If you’re traveling and afraid of getting sick: I had a patient travel to a country in Africa where water from the sink could make you sick. She brought a flossing stick to make sure she never had to put her fingers in her mouth — and instead of rinsing the replaceable floss head, she just swapped it out for a new one for each day of flossing.
If you have a small mouth: The flossing stick works just like a toothbrush — you never have to reach your fingers into your mouth.
If you have wisdom teeth: It can be hard to access hard to reach teeth with floss, but the flossing stick makes this no problem.
Just keep it in the same spot as your toothbrush to make it a habit.
It could be a total game changer — for self-confidence, health, reaping the benefits of healthy teeth and gums.
Blog Notes: About Mark Burhenne DDS
The mouth doesn’t exist in a vacuum. It is intimately connected to the health of the rest of the body.
In fact, the bacteria and entire environment inside the mouth are connected to the rest of your body so intimately that the state of your oral health can predict whether you’ll have heart disease, Alzheimer’s, and diabetes.
In my 30 years of practice as a dentist, I’ve seen a lot of misinformation and people who have fallen through the cracks due to our healthcare system’s failure to understand the oral-body connection.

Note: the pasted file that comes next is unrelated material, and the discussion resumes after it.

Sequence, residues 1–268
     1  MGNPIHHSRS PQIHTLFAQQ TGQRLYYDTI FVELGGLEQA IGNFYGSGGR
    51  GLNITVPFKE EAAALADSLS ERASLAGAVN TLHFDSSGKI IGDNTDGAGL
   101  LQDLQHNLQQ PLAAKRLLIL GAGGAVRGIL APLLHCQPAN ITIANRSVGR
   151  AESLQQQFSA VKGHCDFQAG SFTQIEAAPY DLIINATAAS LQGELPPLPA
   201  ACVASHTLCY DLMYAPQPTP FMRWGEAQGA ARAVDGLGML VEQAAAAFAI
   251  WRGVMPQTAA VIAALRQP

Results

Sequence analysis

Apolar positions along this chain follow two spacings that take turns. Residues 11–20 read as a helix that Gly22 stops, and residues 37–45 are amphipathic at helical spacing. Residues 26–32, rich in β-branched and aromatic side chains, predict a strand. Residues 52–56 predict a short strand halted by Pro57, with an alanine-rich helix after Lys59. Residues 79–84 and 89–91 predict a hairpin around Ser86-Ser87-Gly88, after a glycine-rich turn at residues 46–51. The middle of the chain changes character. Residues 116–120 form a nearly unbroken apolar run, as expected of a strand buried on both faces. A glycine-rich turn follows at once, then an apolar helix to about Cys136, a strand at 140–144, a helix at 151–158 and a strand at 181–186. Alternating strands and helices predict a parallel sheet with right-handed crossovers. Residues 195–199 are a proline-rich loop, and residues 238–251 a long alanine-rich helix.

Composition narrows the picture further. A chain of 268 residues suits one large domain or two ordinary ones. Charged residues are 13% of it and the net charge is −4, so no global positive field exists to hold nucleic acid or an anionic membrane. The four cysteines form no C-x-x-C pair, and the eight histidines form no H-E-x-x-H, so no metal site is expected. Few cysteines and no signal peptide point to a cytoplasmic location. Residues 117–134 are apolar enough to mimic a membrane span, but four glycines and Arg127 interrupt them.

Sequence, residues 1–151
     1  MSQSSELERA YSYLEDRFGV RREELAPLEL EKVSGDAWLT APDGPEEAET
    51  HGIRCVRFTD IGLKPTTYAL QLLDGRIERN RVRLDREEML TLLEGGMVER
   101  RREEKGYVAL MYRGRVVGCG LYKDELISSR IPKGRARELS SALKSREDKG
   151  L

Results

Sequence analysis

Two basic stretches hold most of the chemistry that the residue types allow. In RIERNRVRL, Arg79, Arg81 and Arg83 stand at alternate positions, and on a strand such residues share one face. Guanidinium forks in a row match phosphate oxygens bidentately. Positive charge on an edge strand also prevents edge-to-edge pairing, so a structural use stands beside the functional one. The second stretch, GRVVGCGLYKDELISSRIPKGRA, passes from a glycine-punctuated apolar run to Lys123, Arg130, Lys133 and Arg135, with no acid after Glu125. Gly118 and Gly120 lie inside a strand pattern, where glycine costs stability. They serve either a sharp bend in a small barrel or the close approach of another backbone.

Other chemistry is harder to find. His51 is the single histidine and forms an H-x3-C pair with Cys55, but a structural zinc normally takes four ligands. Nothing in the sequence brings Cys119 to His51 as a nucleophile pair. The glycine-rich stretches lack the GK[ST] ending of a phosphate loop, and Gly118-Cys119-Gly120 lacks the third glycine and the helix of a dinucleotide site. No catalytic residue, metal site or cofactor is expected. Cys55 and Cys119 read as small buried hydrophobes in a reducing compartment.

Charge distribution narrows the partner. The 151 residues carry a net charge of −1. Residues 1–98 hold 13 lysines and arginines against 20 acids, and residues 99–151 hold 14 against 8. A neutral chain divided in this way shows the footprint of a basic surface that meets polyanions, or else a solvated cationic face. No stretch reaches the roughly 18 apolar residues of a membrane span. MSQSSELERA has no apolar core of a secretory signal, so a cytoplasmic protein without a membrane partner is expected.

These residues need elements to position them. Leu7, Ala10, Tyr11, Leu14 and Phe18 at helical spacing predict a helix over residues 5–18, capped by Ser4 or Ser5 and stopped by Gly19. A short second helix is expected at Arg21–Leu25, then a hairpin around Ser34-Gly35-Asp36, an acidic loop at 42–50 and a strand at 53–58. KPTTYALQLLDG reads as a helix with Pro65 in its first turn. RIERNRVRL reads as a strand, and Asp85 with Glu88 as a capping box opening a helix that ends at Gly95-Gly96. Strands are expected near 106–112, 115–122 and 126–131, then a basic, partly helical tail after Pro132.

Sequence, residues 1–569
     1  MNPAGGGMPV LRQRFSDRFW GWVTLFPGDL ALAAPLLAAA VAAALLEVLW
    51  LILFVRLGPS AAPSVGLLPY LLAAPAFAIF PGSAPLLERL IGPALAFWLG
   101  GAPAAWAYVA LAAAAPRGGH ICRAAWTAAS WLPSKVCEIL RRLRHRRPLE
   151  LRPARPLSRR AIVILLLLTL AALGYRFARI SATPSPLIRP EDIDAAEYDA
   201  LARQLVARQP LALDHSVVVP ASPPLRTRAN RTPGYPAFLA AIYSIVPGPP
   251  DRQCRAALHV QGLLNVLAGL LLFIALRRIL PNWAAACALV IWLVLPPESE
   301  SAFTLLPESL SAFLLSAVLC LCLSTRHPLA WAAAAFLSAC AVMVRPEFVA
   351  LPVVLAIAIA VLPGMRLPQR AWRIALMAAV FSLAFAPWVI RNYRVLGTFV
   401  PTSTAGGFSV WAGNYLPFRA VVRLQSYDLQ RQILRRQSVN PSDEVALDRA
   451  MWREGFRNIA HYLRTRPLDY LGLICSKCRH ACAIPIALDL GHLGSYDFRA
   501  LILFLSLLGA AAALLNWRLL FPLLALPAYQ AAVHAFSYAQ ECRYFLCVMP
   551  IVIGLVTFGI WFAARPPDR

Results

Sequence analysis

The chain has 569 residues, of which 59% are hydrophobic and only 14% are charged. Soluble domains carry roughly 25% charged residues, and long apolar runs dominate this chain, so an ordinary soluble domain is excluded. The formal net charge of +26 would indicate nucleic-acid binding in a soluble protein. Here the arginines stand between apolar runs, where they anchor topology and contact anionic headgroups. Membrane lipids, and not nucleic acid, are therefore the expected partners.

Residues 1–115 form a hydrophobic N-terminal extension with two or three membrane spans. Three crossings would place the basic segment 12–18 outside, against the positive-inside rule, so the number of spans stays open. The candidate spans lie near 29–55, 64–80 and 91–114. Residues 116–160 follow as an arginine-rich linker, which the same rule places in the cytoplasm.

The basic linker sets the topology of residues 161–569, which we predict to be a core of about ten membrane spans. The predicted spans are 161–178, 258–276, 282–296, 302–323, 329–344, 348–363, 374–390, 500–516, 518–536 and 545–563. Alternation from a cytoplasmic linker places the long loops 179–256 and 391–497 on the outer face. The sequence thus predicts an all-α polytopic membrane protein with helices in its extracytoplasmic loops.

I created this blog to empower people to understand how your mouth is a window into the health of the rest of your body.
It is my sincere hope that the knowledge and tools on this blog will lead to greater health and well-being for you and those you love.
Throughout this website you’ll find high-quality articles and free resources for getting and staying healthy. It’s the info I use to keep myself and my family healthy, and how I treat my patients.
More About Mark Burhenne DDS
I graduated from the University of British Columbia with a B.S. in Biochemistry and B.A. in History of Art and had the privilege of attending the University of the Pacific Dugoni School of Dentistry in San Francisco, consistently ranked among the best in the US.
I am an active member of several continuing education groups and study clubs in prosthetics and periodontology that perform actual clinical work on patients. I have worked as an expert witness in legal dental cases. I’ve also volunteered as a dental surgeon in Jos, Nigeria.
I raised three daughters without cavities (all without ingestion of fluoride). I enjoy downhill skiing, alpine touring, mountain biking, photography, and listening to jazz and classical records (you know, those flat analog 12-inch vinyl discs).
I am passionate about restoring teeth to their original function and beauty – and as someone who studied art history and is a hobbyist photographer, the intersection of art and the opportunity to help people makes dentistry my dream profession.
Mark Burhenne DDS
Ask the Dentist is for you, so I want to know, what would you like answered on Ask the Dentist? Leave a comment below!read next: How Bad Is Not Flossing?